“There is nothing wrong with churches wanting to be culturally relevant. But are gimmicks going to bring young people back to church? Is that what people really hunger for? I think the younger generation sees through what is slick and glitzy. When it comes to church, I think they don’t want cool as much as they want real. . . . People do not come to church because worship is entertaining, trendy, or hip. They come because the gospel is real and true and life-changing” (Lou Lotz in Words of Hope, June, 2018).
♦ ♦ ♦ ♦ ♦
“To become neighbours is to bridge the gap between people. As long as there is distance between us and we cannot look in each other’s eyes, all sorts of false ideas and images arise. We give them names, make jokes about them, cover them with our prejudices, and avoid direct contact. We think of them as enemies. We forget that they love as we love, care for their children as we care for ours, become sick and die as we do. We forget that they are our brothers and sisters and treat them as objects that can be destroyed at will. Only when we have the courage to cross the street and look in one another’s eyes can we see there that we are children of the same God and members of the same human family” (Henri Nouwen, Bread for the Journey).
♦ ♦ ♦ ♦ ♦
“The first word of God is light, according to the Bible. This is in the opening paragraph. When we see the sun, it’s as if we see a divine word. All of creation is spoken into being in this way, and everything is called good. Over the course of time, the entire language of God reverberates across the universe. In the beginning, the first word(s) of God, the first revelation of the divine, is reality itself. The unfolding – aka, evolving – of the universe is God learning to speak. This is a profoundly sensitive worldview. Only a poet in love with creation, in love with nature, could have penned the opening chapter of Genesis. Only an experience of wonder could have given birth to such insight. The biblical storytellers were artists not scientists. Most of the biblical writers experienced and imagined a world where everything was alive with the presence of God” (Kent Dobson in Bitten by a Camel, Leaving Church, Finding God, pgs. 100-101).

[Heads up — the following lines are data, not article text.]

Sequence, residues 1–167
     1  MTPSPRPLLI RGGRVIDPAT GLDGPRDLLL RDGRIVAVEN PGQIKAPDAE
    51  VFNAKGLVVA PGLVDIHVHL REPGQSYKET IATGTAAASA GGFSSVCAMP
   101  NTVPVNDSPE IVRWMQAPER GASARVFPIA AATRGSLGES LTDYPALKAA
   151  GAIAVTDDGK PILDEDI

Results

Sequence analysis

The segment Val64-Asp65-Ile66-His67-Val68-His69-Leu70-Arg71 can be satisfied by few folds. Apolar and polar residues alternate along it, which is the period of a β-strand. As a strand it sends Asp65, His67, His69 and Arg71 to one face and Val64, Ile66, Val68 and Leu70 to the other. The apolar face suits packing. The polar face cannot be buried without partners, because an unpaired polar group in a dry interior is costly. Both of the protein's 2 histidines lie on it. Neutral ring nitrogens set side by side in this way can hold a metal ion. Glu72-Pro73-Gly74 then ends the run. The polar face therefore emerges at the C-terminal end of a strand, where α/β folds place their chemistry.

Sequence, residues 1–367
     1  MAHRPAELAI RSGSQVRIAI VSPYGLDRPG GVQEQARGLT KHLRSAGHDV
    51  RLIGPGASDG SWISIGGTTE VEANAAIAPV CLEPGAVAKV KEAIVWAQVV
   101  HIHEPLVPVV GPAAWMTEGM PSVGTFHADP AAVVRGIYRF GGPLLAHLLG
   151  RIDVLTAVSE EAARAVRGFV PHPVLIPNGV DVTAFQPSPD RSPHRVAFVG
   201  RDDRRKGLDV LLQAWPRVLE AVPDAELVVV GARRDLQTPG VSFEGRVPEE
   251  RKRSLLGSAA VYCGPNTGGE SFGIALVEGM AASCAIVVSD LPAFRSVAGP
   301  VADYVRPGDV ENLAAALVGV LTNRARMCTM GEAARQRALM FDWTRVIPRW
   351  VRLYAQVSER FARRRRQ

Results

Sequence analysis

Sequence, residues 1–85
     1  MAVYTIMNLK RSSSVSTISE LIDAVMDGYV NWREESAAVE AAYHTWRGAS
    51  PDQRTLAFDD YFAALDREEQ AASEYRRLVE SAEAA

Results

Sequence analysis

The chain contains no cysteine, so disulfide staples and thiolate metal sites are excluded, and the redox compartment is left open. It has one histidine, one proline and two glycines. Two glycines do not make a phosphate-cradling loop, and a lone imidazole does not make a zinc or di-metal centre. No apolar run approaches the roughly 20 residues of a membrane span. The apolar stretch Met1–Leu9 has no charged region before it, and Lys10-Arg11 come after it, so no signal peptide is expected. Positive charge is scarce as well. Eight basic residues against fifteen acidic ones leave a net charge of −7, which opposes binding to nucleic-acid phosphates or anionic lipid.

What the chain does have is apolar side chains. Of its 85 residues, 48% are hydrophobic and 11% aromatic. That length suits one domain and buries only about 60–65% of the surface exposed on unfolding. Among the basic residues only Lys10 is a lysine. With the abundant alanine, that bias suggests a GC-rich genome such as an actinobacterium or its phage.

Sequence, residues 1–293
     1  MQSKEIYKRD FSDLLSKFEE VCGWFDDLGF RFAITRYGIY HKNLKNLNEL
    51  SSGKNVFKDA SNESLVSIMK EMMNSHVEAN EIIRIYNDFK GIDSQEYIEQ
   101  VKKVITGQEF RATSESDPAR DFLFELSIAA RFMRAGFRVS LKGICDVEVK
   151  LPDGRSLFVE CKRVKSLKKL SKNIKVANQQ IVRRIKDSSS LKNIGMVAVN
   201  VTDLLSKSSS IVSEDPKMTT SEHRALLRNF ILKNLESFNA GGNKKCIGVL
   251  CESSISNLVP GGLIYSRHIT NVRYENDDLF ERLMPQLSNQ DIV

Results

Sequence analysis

♦ ♦ ♦ ♦ ♦
“God created human beings in God’s own image, and we’ve returned the compliment, so to speak, by creating God in our image. In the end, we produced what was typically a small, clannish God. In America, God looks like Uncle Sam or Santa Claus, an exacting judge, or a win/lose business man—in each case, a white male, even though “God created humankind in God’s own image; male and female God created them” (see Genesis 1:27). Clearly God cannot be exclusively masculine. The Trinitarian God is anything but a ruling monarch or a solitary figurehead” (Richard Rohr in Daily Meditation for July 1, 2018).
♦ ♦ ♦ ♦ ♦
“We must not let ourselves think for a second that becoming like Christ or loving like God loves is something that happens when we become a Christian. If we do, the long hard road of hypocrisy and despair awaits. Flourishing, becoming like Christ, is something that happens over a long, frustrating, rewarding, painful, and glorious period of time. Christlike character is only something we can grow towards. It’s not something we attain in an instant or something God pours in our lap. We don’t get it, we grow into it”
(Jonathan Bailey, jonathanrbailey.com)